You’ll end up really disappointed if you think people will do for you as you do for them. Not everyone has the same heart as you.

You’ll end up really disappointed if you think people will do for you as you do for them. Not everyone has the same heart as you.

The first step in curing these issues is to drop expectations and attachment. 

Zen philosophy points to attachment as the root of so many issues.

Are you attached to things, people, outcomes, impressions, opportunities, etc.?

Do you calculate in advance the possibilities of how any of these variables actually tie together when life runs its course?  I believe we all do. If you put energy into a labor or job, you are attached to the outcome in several ways. You feel accomplishment at the completion of the task. You also seek reward for the effort in whatever compensation that task engenders. If you make an effort to dress for a job, a date, an occasion, you are attached to others feeling good about the way you look, to reinforce your expectations of such. If you are a collector of things, you are attached to your possessions and find great joy in having them.

So it seems normal that if you are in any kind of friendship, professional or personal relationship, you will be attached to the dynamic that this particular relationship brings you. And right there is the potential problem. If you do things for others with expectation of any form, you are creating an attachment to that outcome. It is akin to buying someone a gift that you are so excited to give them, and when they discover what it is…. You are waiting with anticipation of their reaction. If the reaction is positive, your attachment cycle has been fulfilled, and any reaction less than that allows your joy to start to decrease proportionately.

Such is the human dynamic. If you are the type of person who likes to do for others, then you are most wise to do it with the sole expectation that the act of doing it brings you the joy you seek. As soon as you attach your expectation to their reaction, you have already cut your joy short by limiting it to the reaction it engenders. You have no control over what they are feeling. Nor do you know their mood or extenuating circumstances in their world that preclude their ability to respond as you have fantasized. 

When you then expect that they will reciprocate in kind, that is where you find your largest potential disappointment. In that expectation, you have now transposed your feelings, your energy, your behaviors onto another, with hopes that they will not disappoint you. If you have just extended yourself on their behalf and they continue to deliver lackluster energy in response, you are left with a few options. The first is to become disappointed, because you had projected they would do for you as you have done for them. The second is to be disengaged, in which you have zero emotional response to whatever you get in return because you are more indifferent than not.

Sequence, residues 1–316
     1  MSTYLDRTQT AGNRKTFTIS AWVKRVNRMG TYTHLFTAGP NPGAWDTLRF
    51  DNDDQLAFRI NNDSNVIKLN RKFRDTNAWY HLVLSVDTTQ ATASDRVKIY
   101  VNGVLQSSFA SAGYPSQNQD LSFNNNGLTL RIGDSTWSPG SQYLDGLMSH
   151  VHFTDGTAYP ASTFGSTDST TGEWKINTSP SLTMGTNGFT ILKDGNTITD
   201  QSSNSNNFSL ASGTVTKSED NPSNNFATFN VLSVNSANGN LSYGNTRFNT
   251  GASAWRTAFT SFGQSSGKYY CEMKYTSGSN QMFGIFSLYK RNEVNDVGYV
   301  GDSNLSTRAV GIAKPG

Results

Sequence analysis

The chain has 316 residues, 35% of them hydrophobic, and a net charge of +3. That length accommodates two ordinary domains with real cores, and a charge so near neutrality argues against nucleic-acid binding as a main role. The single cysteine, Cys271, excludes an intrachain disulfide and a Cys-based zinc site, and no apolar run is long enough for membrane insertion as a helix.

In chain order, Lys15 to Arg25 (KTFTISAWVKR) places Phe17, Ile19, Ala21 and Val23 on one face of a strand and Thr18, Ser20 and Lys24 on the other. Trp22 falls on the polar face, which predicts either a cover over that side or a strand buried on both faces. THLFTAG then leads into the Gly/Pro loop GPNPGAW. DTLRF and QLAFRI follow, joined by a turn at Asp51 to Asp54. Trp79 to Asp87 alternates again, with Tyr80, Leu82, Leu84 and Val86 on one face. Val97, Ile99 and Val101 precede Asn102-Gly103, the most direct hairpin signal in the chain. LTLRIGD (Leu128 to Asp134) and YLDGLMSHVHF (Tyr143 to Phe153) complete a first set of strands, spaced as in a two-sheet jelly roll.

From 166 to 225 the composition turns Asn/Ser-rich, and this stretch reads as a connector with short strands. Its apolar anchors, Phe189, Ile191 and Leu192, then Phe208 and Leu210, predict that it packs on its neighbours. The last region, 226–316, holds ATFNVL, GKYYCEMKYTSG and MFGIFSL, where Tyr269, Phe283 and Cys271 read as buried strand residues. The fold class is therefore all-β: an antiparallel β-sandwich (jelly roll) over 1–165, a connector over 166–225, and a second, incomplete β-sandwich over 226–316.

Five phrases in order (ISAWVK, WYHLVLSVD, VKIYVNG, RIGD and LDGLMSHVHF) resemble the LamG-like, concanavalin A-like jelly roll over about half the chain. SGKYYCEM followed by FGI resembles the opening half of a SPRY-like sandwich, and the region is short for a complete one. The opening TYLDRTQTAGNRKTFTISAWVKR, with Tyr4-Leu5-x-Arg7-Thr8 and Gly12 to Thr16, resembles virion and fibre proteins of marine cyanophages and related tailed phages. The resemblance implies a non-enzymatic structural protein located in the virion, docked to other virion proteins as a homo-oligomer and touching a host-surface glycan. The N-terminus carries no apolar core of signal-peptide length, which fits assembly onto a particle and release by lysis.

But the third option (I believe) is the healthiest one. In this option, you give and do for them because in doing so, it makes you feel wonderful. If they do not reciprocate, you do not have an emotional reaction. Their lack of reciprocity is genuinely secondary to the reason you do what you do. If their reactions are not what you seek, then find others with whom to share your gifts and let it go. 

If you can find your joy in just doing because it is what makes you, you….then you should do it with open heart and eliminate all attachment to the outcome. Just do it because it makes you feel wonderful. Then, if they are not on par with your efforts, you must learn to eliminate the disappointment that this makes you feel.

It is not an easy lesson. It takes strength, emotional stability and a willingness to encounter that disappointment with your human quality, feel that brief tang of getting less than might have returned, and then immediately drop it and continue just being you.

Happy Friday!

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Written by Brian Weiner
When I was 5 years old, I discovered that the lemon tree in the backyard + dixie cups + water and sugar and I was in business. I have been hooked on that ever since. In 1979, I borrowed $14,000 to create a brand new product... photographic greeting cards with no text on the inside, called Paradise Photography. That was the start of The Illusion Factory. Since then, The Illusion Factory has been entrusted by all of the major studios and broadcasters with the advertising and marketing of over $7 billion in filmed, live, broadcast, gaming, AR, VR and regulated gaming forms of entertainment, generating more than $100 Billion in revenue and 265 awards for creativity and technology for our clients. When I took a break from film school at UCLA to move to Hawaii, my mother did not lecture me. Instead, she took 150 of her favorite aphorisms and in her beautiful calligraphy, wrote them artistically throughout a blank journal. That is the origin of the Lessons from the Mountain series. Since then, on my journeys to the top of a mountain to watch the sunrise, I have spent countless hours contemplating words of wisdom from the sages of all races, genders and political persuasions, constantly accumulating the thoughts to guide me on my life path. I hope you enjoy my books. Please let me know your thoughts, as I highly value your feedback!